The Write Perspective: Kill the Queen


Book Description:

Gladiator meets Game of Thrones: a royal woman becomes a skilled warrior to destroy her murderous cousin, avenge her family, and save her kingdom in this first entry in a dazzling fantasy epic from the New York Times and USA Today bestselling author of the Elemental Assassin series—an enthralling tale that combines magic, murder, intrigue, adventure, and a hint of romance.

In a realm where one’s magical power determines one’s worth, Lady Everleigh’s lack of obvious ability relegates her to the shadows of the royal court of Bellona, a kingdom steeped in gladiator tradition. Seventeenth in line for the throne, Evie is nothing more than a ceremonial fixture, overlooked and mostly forgotten.

But dark forces are at work inside the palace. When her cousin Vasilia, the crown princess, assassinates her mother the queen and takes the throne by force, Evie is also attacked, along with the rest of the royal family. Luckily for Evie, her secret immunity to magic helps her escape the massacre.

Forced into hiding to survive, she falls in with a gladiator troupe. Though they use their talents to entertain and amuse the masses, the gladiators are actually highly trained warriors skilled in the art of war, especially Lucas Sullivan, a powerful magier with secrets of his own. Uncertain of her future—or if she even has one—Evie begins training with the troupe until she can decide her next move.

But as the bloodthirsty Vasilia exerts her power, pushing Bellona to the brink of war, Evie’s fate becomes clear: she must become a fearsome gladiator herself . . . and kill the queen.


Good for people who enjoy: strong female leads, intense sword/magic battle scenes, splash of romance

Review: This book easily pulled me in with the promise of being somewhere between Gladiators and Game of Thrones.  And the author didn’t lie, but now I love the book so much that I don’t like comparisons because it’s a beast to be reckoned with all on its own.  Estep created a wonderful world with its own unique laws to magic.  People are born as magiers, masters, or mutts – a decreasing ability with magic as you go down the list.  Our main character, Lady Everleigh Saffira Winter Blair, is on the “Winter” side of a Summer/Winter strong family bloodline.  When we meet her, she is a mutt through and through, but even then, we know something is up.

For me, a good book starts with the main character.  This sounds simple enough, but think of how many books are ruined by nonsensical characters.  Or ones whose all their problems could be solved if they only communicated.

But Evie didn’t let me down.  She grew up in a world where she was seventeenth in line for the throne.  Her parents were brutally massacred, and she was thrown into the queen’s castle where everyone is only out for themselves, desperate for a chance to win favor with the queen or crown princess (who I’ll get into later).  As someone who has walls up for various reasons, even when I desperately wanted her to say something she didn’t or share a secret she kept to herself, I understood why she didn’t.  Her character arc throughout the book is powerful, but also realistic.  She doesn’t trust people who haven’t earned it.  She’s as desperate for real friendship as she is terrified of it.  The only thing better than the fantastical world already set up by Estep was how character-driven this plot was.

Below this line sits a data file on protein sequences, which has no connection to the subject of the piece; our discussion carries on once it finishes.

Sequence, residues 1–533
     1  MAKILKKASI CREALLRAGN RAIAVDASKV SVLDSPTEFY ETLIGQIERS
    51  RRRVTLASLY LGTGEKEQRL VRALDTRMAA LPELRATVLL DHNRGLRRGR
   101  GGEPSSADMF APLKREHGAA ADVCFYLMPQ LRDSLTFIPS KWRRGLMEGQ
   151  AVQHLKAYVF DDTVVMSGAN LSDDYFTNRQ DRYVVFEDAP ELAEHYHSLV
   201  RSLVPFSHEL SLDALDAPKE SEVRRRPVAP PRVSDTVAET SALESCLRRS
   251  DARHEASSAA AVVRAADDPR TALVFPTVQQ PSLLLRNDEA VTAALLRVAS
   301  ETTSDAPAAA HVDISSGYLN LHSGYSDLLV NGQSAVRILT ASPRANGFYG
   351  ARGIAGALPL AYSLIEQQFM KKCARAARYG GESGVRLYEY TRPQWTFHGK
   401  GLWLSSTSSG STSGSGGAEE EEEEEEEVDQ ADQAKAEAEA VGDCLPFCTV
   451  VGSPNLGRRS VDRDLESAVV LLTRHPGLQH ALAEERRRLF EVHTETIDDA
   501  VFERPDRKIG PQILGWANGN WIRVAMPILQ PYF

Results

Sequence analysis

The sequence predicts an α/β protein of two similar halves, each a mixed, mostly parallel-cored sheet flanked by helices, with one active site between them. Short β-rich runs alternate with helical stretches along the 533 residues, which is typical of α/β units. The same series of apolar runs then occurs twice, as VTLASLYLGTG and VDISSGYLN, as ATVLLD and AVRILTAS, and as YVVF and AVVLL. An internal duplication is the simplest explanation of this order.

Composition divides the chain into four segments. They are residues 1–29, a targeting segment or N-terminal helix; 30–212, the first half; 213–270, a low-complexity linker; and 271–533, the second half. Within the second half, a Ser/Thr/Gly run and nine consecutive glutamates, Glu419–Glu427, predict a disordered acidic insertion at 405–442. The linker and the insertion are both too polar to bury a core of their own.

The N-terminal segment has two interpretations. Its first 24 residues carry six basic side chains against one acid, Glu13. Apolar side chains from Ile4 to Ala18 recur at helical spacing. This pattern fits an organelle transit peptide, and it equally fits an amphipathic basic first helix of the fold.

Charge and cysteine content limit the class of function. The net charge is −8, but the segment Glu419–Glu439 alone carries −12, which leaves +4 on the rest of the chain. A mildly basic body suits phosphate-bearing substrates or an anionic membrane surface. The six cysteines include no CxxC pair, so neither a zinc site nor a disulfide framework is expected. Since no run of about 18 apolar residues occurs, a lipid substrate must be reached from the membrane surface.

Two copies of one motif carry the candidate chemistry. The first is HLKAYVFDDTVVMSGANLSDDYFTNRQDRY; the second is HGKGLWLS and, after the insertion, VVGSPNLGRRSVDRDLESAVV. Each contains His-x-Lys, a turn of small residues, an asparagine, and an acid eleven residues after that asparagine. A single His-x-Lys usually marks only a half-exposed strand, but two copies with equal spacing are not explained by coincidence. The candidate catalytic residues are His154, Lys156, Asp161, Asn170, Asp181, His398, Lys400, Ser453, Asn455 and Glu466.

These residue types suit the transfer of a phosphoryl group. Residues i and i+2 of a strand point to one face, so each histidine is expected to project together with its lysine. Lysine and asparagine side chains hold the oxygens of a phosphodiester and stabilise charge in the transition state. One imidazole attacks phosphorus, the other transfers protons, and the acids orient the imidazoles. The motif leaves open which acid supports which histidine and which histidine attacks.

The only character just as important as the hero is the villain.  And boy does this book have a good set of villains.  From the moment I met Vasilia, I wanted her blood.  I chanted the book’s title in my head as a mantra.  Kill the queen.  She’s a common case of someone spoiled rotten their whole life whose impatience and greed are her (and her kingdom’s) downfall.  “Her kingdom” and “her people” are not even close to being synonymous in her mind.  She’s the type of person that Littlefinger from Game of Thrones would love to meet, because she has all the greed and power with none of the mind power.  But instead of Littlefinger, we get Maeven.  Although she’s more in the background, Evie quickly realizes she’s the puppeteer.  Even though she doesn’t have the background with Evie to make us hate her and get the mob mentality for her death, she’s just as easy to want dead as Vasilia.

This book did all the big things right – world building, main characters, character arcs – but what really sealed the deal for me was the minor characters and their subplots.  The Black Swan gladiator troupe gave me multiple characters that I became very invested in.  The romance with Lucas Sullivan, the troupe’s trainer who has a past as complicated as Evie’s.  Splashed in the background giving you intimidate moments but leaving you desperate for more.  Serilda Swanson, owner of the Black Swans and ex-personal guard to the queen who is desperate for any Blair to be on the throne but Vasilia.  Xenia, the ogre dance instructor with an agenda of her own.  Paloma, Black Swan champion and brilliant fighter who has almost just as much reason to have trust issues as Evie.

I could go on and on about this book (and would love to in the comments below).  I can’t say enough times how much I would recommend this book.

Summer queens are fine and fair, with pretty ribbons and flowers in their hair.  Winter queens are cold and hard, with frosted crowns made of icy shards.

Overall Rating: 5 stars



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